Yours is not the first story I've heard about the organizations's tactics in garnering support for their efforts.

I think it’s awesome that the senator took the time to not only read my letter, but also to form a well-thought-out response.  This certainly does not appear to be a standard reply letter, and it’s good to know that others feel the same way.  Maybe something does get done by writing to your local politicians.

The last paragraph may not be what I needed to hear.

9 thoughts on “Senator Wayne Fontana Reads His Mail.

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  5. A few responses to your post, if I may:

    1. Talking points are intentionally simplified, sometimes overly so. Public policy is a complicated area with a lot of dimensions to the issues. No group would have time to sit down with citizens and explain the issues fully, so they all rely on talking points. Needless to say, groups on the other side of an issue will analyze those talking points for accuracy. If someone’s saying something that’s patently false, you can bet they’d get called out on it. If you haven’t heard that about Clean Water Action, it’s probably because their talking points are fairly accurate.
    2. Monetary donations are, axiomatically, support. You may not agree with their cause, but you did support it. Or, at least, Bethany did.
    3. Rather than make assumptions about “what these people stand for” or the contents of proposed legislation, or the political ideology underpinning a given group, why not these things up? I noticed you found Clean Water Action’s state website. You even put a link to it on your blog. I followed that link and found their mission statement, along with a list of the things they’re currently working on. Perhaps you could have done the same, rather than guessing what they believe in? They also gave you the name and bill number of the proposed legislation. Might I recommend Google?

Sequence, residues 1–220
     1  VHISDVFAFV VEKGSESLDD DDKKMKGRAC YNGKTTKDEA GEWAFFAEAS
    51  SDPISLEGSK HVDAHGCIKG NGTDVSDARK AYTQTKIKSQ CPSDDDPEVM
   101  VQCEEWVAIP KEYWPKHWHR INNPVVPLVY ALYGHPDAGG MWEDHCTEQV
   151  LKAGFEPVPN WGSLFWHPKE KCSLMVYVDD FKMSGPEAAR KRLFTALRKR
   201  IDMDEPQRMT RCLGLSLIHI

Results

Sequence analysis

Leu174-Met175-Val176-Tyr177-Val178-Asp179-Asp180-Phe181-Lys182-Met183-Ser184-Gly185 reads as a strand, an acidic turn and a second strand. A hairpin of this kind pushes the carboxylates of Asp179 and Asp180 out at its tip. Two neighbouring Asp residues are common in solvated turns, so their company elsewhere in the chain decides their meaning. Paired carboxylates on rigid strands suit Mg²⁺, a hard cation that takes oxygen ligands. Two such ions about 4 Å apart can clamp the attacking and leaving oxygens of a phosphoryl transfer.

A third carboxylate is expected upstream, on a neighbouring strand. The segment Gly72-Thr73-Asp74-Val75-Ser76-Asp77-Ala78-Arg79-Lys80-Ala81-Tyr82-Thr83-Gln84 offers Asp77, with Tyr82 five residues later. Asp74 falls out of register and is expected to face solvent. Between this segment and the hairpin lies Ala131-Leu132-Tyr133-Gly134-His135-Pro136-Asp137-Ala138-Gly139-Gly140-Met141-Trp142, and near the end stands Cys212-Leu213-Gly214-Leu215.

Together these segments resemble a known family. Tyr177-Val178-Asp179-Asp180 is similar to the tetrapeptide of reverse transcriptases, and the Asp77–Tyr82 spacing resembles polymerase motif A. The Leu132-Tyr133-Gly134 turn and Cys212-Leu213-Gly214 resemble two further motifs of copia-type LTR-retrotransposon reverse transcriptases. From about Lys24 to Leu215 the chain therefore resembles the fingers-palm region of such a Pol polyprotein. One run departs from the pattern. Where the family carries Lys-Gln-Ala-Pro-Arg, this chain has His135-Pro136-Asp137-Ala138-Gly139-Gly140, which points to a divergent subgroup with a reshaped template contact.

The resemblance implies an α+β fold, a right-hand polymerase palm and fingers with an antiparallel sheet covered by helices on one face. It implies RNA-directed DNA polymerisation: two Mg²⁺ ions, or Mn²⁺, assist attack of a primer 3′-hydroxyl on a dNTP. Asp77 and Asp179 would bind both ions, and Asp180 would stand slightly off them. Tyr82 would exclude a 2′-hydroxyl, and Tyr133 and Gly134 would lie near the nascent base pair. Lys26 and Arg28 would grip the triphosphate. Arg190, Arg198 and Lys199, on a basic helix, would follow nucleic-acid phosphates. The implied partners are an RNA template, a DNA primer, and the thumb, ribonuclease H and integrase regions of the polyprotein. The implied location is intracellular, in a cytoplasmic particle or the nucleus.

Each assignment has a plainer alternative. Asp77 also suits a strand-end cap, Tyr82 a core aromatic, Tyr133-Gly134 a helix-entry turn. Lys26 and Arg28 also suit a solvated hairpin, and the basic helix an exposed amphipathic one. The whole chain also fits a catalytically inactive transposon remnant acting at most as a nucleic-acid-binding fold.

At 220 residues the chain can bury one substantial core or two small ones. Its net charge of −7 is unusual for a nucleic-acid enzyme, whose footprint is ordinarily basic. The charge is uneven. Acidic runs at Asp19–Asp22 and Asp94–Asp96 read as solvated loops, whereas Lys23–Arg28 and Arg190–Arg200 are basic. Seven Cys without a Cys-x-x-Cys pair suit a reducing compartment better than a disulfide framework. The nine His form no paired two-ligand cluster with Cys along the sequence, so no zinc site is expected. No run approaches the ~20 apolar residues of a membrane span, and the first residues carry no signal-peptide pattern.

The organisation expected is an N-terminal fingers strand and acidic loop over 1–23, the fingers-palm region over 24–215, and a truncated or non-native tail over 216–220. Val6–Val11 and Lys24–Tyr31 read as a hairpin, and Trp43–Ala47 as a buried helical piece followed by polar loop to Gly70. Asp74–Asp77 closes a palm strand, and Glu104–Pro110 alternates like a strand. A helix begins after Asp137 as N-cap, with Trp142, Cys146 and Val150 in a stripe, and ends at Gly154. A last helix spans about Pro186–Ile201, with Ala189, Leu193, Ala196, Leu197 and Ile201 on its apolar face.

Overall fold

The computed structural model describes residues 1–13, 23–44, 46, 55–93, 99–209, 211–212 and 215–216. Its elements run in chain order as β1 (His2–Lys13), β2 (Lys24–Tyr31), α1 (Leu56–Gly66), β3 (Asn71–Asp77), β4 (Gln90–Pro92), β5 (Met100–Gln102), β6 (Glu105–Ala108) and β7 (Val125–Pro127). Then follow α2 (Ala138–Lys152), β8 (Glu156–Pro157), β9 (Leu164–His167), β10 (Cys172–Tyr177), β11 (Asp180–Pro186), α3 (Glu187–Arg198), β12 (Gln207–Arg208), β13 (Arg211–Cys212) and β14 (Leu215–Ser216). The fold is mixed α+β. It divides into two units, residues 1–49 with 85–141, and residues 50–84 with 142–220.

4. Considering that state and federal attorneys general have deemed door-to-door political organizing to be covered under the First Amendment, it would indeed be a bigger political issue to pass laws preventing the practice. Specifically, one that would require a constitutional amendment repealing the First Amendment.
    5. Rather than apologizing to the Senator for wasting his time (then further wasting it by taunting “Prius-driving sandal & socks wearing liberal[s]”), you might consider educating yourself on the issue about which you’re writing to him. You seem to have some questions about the bill in question. The Senator would probably be a great resource for answering those questions. Perhaps you could use the paper, ink, envelope, and stamp for that purpose instead?

    One final, general observation: learn to say “no.” If you don’t agree with a cause, don’t support it monetarily. If you don’t know enough about an issue to write intelligently about it, don’t agree to. Apparently, the presence of a young, polite, female political activist whose conviction and dedication you “applaud” at your doorstep qualifies as “duress” in your household. I wish I had so few problems to count that as “duress.” Rather than agree to do things you don’t want to do or don’t feel qualified to do, maybe try this on for size: “I’m not comfortable getting involved politically on an issue until I’m more familiar with it. If you have any literature I can read, I’ll happily take it, but I’m sorry, I can’t help out with a contribution or a letter at this time.” If that’s too verbose and you really just want them to go away, this old stand-by tends to work, too: “go away.”